THE FRONTLINE INTERVIEW
(1999 January 06)
The interview given by the President Ms. Chandrika Kumaratunga to the "Frontline" published in India
raises a number of questions. It reveals not only the thinking of Ms. Kumaratunga but also that of Mr. N. Ram,
one of the leading journalists in India. These journalists and intellectuals who come from abroad not only have
preconceived ideas but also help to form opinion in Sri Lanka itself. As many people have observed it is always
a case of A quoting B and C, B quoting C and A, and C quoting A and B. After few quotations certain expressions
and opinions become the standard. Also these worthies who visit this country very often meet with only members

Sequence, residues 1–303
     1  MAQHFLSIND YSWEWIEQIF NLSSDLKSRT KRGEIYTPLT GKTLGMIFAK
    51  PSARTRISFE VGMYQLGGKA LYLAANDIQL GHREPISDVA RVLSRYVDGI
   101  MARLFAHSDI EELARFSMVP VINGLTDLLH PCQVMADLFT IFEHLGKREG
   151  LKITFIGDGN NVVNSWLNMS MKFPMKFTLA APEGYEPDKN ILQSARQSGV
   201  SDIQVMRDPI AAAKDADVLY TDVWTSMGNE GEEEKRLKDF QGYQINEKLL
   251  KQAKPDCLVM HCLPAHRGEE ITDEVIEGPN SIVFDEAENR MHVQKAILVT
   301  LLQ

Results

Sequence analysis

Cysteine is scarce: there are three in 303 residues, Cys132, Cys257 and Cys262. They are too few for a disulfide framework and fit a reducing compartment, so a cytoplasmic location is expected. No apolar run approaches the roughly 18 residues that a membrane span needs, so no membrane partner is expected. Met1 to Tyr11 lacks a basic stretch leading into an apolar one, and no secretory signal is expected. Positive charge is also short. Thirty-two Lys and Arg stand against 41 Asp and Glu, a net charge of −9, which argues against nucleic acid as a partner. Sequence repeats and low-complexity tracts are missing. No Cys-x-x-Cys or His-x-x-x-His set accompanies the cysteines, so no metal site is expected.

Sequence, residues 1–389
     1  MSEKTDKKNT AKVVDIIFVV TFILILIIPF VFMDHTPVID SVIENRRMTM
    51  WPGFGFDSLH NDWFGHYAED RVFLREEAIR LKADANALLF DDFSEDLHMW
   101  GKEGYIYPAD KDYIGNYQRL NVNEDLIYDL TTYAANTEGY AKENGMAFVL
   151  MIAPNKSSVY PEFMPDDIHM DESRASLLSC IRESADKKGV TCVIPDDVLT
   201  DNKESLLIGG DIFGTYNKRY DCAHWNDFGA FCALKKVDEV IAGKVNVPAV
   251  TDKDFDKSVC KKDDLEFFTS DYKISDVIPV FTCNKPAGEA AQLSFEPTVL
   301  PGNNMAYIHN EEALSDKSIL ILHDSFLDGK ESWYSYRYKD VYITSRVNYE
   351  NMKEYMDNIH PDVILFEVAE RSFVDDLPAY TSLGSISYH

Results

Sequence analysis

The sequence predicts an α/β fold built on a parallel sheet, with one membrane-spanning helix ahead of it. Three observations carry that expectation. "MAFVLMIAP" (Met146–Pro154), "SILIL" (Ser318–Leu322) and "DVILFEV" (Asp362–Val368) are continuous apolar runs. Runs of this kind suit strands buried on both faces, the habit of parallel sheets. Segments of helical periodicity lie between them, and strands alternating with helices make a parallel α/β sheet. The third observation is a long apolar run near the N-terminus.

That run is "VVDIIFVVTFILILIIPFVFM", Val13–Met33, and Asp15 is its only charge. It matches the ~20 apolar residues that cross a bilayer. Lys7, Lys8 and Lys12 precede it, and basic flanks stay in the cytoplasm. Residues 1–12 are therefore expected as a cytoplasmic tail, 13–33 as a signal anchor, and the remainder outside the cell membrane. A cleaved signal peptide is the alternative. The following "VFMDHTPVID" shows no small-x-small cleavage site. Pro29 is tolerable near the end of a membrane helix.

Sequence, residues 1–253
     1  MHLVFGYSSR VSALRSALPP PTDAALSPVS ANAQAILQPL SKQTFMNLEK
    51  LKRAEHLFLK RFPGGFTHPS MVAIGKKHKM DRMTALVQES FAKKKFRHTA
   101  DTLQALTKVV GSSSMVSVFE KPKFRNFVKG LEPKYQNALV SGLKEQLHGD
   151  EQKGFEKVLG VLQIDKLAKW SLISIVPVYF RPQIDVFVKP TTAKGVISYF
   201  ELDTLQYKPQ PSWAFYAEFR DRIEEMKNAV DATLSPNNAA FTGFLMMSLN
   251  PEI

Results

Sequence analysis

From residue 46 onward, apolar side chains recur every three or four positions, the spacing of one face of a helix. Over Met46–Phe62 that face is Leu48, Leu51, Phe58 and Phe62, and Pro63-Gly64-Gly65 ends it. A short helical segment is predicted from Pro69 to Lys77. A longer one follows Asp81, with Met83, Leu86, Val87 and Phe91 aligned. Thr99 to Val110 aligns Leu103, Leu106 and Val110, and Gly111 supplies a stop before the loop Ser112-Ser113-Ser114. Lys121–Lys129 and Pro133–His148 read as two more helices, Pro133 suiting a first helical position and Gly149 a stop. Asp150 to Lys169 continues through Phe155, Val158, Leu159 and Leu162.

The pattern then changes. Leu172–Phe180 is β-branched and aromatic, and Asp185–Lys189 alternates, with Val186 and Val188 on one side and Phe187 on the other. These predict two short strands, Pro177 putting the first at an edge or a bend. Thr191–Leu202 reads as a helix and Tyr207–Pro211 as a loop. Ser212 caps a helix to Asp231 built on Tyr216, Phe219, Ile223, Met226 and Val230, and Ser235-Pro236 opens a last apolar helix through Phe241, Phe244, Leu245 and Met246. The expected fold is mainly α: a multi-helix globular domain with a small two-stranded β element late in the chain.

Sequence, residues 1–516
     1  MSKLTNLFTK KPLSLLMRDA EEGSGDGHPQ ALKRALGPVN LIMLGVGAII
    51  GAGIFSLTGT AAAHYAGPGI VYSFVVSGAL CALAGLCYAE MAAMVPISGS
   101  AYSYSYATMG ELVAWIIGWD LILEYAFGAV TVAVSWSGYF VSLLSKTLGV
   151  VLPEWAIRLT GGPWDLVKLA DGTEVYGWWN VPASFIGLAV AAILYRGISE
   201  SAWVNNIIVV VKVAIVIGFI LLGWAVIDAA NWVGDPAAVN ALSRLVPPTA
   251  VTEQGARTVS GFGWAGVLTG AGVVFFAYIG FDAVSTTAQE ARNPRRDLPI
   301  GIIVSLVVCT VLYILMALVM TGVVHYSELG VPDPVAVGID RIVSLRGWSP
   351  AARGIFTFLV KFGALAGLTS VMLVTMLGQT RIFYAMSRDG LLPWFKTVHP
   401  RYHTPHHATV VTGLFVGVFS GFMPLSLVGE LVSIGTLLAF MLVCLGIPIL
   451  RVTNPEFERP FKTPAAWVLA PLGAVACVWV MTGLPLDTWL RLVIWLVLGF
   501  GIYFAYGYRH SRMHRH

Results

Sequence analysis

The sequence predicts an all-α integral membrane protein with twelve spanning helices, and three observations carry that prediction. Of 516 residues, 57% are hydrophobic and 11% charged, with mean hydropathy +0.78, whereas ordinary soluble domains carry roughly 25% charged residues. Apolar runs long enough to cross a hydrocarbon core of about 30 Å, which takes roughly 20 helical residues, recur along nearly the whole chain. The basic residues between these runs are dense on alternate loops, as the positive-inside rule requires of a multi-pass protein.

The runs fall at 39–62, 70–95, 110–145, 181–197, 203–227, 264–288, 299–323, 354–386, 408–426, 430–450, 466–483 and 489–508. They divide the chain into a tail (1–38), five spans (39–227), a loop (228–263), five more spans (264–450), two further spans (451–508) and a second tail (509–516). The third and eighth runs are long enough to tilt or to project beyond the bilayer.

of a certain lobby in Kolomba, whose views are in general in agreement with theirs. Occasionally, they interview
the others whom they have already categorised as extremists, Sinhala Chauvinists, Sinhala hard-liners etc. only
in order to pretend that they have given the other side of the story as well.
It is true that Sri Lanka is a small country and that Sinhala people are a tiny minority in the world population. However that is not the reason why the Sinhala people are being pushed around by the big countries. Even a small nation can produce giant leaders and the Sinhala culture in the past has produced such giants. Today due to the political party system the Sinhala people have been forced to select their leaders from a certain elite group which has produced the worst imitators in the former British empire. No wonder that the British considered Sri Lanka as their model colony and they even gave franchise to us before giving it to any other country in the empire, as they had faith in this elite group. This group of imitators cannot produce giant leaders and Sinhala people for the moment are saddled with pygmy men and women who act as their leaders.